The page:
This completes the title from my previous blog posting coming from James 3:1.
It was interesting that not long after I published that post on the genuine frustrations and questions I have from this first semester of returning to teaching, I attended a professional development on assessment. For those not fluent in teacher-speak, assessment is the term that is applied to whatever action the teacher takes to make sure the students learned what they were supposed to learn. This is most generally thought of as a test or exam.
While tests and exams are certainly types of assessments, to think of them as the only means of assessing student progress is to be a poor teacher. Assessments can take many forms and the best assessments are inseparable (and usually indistinguishable) from the content and activity of the lesson. In this way they arise naturally from the intellectual pursuit the students are undertaking (i.e. students don’t feel like they have just explored the Pythagorean Theorem through a group construction exercise but then have to take a silent, individual, paper quiz on the topic) and have high student involvement and ownership (i.e. students assess themselves and their peers progress through each step of the learning process – the activity is designed in such a way that students ask themselves “Do I know this action is correct? Is this the right way to proceed? Why?”).
This is not to say that I am an expert at developing such assessments or that I think tests should be done away with (I still give them). I simply want to point out that assessment can take many forms and that most often that form is in guiding and correcting questions during cognitive exploration rather than in a make-or-break final examination.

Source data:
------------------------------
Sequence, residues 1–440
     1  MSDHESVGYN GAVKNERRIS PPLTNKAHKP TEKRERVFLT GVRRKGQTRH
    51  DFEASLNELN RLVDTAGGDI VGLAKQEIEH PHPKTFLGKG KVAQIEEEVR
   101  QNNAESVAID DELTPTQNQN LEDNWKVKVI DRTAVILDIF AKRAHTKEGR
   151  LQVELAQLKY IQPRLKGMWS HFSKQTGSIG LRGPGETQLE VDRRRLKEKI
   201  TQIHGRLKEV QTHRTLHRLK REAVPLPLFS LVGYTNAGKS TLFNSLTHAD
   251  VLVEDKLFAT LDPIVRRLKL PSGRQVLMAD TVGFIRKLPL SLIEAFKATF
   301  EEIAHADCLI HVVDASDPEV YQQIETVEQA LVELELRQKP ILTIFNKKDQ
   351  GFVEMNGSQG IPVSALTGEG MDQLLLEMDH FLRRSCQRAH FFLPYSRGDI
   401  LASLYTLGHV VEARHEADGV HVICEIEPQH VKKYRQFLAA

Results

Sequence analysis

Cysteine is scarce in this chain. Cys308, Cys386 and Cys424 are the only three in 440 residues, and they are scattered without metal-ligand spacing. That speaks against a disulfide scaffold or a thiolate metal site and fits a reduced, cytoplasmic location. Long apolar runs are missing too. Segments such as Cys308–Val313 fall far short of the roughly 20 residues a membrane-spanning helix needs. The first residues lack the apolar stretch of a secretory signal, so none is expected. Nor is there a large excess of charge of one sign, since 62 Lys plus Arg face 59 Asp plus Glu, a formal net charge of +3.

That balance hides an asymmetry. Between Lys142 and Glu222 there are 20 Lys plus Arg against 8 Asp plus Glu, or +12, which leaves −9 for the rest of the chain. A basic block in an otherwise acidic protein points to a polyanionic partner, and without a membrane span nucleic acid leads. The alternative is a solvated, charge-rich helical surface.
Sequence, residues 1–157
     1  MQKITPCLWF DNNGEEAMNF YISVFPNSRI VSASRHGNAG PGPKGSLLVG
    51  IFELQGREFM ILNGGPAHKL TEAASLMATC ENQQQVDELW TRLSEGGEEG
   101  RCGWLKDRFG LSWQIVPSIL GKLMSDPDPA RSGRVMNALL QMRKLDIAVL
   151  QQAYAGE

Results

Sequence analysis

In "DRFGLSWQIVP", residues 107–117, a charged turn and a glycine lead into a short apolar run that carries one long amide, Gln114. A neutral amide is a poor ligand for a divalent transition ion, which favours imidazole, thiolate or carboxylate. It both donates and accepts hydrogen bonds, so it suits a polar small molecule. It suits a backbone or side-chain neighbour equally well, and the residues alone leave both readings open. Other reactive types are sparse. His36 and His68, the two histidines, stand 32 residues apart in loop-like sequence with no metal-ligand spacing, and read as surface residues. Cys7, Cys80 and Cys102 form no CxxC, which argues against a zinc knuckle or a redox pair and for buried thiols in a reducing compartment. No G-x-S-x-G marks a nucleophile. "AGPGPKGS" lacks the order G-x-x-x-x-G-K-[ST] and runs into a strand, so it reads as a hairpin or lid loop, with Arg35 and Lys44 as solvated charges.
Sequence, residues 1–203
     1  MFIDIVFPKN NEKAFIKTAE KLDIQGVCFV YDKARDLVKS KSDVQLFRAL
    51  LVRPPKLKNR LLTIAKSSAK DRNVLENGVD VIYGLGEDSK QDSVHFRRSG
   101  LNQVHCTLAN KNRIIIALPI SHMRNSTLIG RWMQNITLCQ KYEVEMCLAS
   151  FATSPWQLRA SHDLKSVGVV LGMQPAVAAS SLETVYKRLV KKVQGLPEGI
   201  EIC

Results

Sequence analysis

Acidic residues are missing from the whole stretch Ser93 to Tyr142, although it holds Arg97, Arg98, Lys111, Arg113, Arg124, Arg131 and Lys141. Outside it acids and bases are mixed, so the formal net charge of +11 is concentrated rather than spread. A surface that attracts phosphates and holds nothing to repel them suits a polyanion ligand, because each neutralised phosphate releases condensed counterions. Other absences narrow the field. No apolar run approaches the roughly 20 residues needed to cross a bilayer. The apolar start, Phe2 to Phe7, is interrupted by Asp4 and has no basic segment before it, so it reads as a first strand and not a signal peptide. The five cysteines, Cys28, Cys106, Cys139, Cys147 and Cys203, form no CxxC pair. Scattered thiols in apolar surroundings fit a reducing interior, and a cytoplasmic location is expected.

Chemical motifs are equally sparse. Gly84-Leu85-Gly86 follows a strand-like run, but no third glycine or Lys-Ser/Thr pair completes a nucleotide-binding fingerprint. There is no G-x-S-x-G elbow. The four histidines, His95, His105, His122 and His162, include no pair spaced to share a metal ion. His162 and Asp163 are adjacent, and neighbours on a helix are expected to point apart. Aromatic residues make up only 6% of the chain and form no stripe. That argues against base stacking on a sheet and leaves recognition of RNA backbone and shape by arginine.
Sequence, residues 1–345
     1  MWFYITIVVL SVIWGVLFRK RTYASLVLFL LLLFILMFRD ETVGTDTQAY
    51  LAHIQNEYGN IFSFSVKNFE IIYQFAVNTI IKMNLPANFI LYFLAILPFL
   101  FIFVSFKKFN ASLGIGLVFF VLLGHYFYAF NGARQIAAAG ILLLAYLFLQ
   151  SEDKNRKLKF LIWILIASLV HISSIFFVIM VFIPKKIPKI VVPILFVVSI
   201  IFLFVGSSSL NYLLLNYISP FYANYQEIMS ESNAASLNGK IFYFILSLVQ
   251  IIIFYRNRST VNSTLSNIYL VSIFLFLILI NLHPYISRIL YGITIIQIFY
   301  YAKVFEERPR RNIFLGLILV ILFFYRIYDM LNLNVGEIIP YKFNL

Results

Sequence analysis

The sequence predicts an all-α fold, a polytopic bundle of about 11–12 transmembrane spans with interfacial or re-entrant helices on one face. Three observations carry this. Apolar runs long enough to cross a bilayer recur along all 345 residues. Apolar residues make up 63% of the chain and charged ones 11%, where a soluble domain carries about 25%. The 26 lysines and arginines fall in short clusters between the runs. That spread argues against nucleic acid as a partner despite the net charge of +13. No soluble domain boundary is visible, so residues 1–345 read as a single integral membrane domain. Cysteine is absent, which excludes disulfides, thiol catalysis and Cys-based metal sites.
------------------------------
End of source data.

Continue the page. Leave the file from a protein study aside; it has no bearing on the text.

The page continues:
Which brings me back to the passage from James. Though this passage looks toward the future and the judgment (or assessment) we will have before the throne of God as people of authority and influence in the shaping of understanding and practice, I don’t think that is the only assessment we can expect to encounter. God gives more than just a final exam because God is not a poor teacher.
We are constantly being assessed and corrected by the grace of God. And as with the best of assessments we usually don’t even know that it is there – it is just a natural process of working to improve our lives bother personally and professionally. We should constantly be asking ourselves as God’s students “Do I know this action is correct? Is this the right way to proceed? Why?” Only our answers aren’t being drawn from a foundational knowledge of mathematical principles, but rather a foundational knowledge of God, His character, and His redemptive actions.
In the larger context of the 3rd chapter of James, James is discussing the dangers of the tongue and the need for believers to be very conscious of the power of words. Sometimes teaching is more about what we don’t say than what we do say. Sometimes we have to hold our tongue not just toward students but to fellow faculty, administrators, and parents. Even though we desire badly to justify ourselves before others, in reality we don’t have the authority to make that assessment. Only the Teacher holds that authority.
I’ve been reminded this semester that it is only God I should be working to please. The above was my attempt to explain that. I don’t think I have fine-tuned the assessment metaphor yet, but I wanted to go ahead and share my thoughts anyway…even though they aren’t perfect.